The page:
This year’s so-called “Golden Week” in Japan will bring 10 days of holiday - the longest period ever seen. Steel mills are expected to continue to operate at full capacity but, owing to stagnant construction steel shipments caused by building delays and the increase in imported steel, mills have decided to reduce days of operation and have adjusted production schedules.
As a result, the price of iron scrap - steady at around Yen 35,000 per tonne (US$ 315) until the end of March - turned downwards in April, falling sharply by Yen 5000-6000 (US$ 45-54) in a single month.
The South Korean economy is deteriorating, with the growth rate for the January-March quarter falling to a negative number of 0.3% for the first time in five quarters owing to the effects of the US-China trade war. And because one company has been forced to shut down by the end of June owing to a transformer failure while another must reduce production following a worker’s death at a rolling mill, South Korea’s steel scrap market has loosened greatly and prices have dropped around Won 50,000 per tonne (US$ 43) from their peak level.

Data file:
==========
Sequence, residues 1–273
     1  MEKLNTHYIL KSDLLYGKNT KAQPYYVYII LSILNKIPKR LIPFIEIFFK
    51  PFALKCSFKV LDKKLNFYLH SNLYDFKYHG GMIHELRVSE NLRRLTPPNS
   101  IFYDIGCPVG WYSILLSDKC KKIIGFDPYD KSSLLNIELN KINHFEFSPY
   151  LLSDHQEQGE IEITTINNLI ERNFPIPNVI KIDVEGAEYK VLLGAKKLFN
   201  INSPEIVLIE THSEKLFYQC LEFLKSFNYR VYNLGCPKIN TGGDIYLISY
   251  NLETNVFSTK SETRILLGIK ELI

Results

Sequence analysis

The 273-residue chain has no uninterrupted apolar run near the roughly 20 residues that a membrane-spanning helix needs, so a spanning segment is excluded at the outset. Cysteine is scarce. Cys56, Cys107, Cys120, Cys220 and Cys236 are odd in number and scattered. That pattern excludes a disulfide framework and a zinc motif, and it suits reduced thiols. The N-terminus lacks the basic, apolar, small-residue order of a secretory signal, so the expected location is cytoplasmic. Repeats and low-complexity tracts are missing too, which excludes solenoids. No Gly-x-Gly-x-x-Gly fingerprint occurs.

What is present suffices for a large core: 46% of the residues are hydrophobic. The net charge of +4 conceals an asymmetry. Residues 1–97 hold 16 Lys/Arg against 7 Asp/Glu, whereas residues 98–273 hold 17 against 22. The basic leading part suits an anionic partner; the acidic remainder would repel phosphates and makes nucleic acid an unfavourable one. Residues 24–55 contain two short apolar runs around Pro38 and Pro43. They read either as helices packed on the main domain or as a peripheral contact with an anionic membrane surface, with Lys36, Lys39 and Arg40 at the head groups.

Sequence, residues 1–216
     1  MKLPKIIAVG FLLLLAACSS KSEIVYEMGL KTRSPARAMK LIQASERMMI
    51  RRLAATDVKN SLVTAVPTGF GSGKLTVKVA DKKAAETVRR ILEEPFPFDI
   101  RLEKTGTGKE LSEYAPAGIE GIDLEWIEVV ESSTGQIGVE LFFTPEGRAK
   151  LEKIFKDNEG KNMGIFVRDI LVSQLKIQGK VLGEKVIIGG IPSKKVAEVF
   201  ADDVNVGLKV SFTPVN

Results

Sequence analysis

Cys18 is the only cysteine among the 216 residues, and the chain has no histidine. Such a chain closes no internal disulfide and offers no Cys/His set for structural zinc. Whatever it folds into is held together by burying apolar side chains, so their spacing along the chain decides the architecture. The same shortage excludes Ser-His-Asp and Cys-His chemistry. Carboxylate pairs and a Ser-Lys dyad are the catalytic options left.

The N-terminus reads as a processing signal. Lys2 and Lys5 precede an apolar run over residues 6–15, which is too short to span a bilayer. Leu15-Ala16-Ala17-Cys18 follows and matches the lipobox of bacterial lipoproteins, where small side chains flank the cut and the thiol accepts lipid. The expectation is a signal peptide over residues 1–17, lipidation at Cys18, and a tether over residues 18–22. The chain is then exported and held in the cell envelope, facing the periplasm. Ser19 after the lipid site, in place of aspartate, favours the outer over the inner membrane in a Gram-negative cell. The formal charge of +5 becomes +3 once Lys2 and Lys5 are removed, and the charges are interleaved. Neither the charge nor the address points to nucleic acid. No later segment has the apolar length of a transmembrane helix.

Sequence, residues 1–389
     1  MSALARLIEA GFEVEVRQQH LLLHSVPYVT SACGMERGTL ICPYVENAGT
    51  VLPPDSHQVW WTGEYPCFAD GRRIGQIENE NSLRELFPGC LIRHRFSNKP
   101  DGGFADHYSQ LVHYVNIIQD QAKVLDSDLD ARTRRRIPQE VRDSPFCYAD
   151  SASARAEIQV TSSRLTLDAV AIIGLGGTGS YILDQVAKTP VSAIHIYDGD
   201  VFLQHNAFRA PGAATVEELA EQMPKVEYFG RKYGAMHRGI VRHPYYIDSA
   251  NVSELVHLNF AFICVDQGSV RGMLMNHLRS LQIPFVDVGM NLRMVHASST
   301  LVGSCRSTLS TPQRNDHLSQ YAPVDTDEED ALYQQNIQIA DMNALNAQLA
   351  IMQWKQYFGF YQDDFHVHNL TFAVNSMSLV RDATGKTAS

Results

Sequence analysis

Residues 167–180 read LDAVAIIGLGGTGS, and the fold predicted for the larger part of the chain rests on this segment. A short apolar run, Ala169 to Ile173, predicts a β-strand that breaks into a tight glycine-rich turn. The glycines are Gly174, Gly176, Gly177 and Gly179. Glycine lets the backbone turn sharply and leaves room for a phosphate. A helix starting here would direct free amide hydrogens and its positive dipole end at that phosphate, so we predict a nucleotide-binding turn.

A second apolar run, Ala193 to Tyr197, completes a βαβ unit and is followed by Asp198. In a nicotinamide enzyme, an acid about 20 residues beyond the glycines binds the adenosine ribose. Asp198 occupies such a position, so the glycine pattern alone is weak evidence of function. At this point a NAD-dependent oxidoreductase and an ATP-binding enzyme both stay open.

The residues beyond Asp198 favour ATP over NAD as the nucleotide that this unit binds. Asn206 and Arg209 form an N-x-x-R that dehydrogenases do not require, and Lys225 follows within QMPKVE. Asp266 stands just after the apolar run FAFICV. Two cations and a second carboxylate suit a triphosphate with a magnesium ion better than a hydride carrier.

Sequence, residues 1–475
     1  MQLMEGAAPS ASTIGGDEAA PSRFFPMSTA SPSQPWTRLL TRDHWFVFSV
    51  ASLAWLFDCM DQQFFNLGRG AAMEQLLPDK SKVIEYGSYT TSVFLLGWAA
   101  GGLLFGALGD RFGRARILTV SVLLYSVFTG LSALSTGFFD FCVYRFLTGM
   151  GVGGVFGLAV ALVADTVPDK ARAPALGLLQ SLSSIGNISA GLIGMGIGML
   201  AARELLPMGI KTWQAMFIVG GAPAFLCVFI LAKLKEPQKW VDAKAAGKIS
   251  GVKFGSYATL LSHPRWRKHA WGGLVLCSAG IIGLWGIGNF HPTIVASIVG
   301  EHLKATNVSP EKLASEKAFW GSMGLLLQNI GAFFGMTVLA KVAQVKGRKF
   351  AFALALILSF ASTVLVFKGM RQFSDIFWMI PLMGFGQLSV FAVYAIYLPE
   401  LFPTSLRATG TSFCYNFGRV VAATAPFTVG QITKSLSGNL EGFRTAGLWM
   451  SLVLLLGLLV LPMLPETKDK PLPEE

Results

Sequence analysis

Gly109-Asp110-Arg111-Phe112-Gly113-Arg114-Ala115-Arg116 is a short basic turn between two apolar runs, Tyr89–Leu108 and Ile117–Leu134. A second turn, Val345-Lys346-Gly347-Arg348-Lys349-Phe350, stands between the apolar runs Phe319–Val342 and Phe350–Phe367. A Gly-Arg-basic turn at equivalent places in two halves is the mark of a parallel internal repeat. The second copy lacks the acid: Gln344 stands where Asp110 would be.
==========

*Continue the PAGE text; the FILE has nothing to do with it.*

It is being suggested that Korean mills’ next purchase target is for arrival in July and so they are unlikely to enter the international scrap market any time soon.
The current market price of Japanese H-2 scrap is around Yen 30,000 per tonne (US$ 270) for domestic and Yen 31,000 (US$ 279) FOB for export.
Given that steel demand in Japan remains firm, demand for scrap is expected to tighten over the April-June period such that there will be no significant fall below current price levels as long as there is no steep drop in the overseas market.
* Unless otherwise specified, the exchange rates used in this report are Yen 111 and Won 1163 to the US dollar while prices relate to Japan’s standard H-2 grade of scrap.
Metz Corporation (JPN), Board Member of the BIR Ferrous Division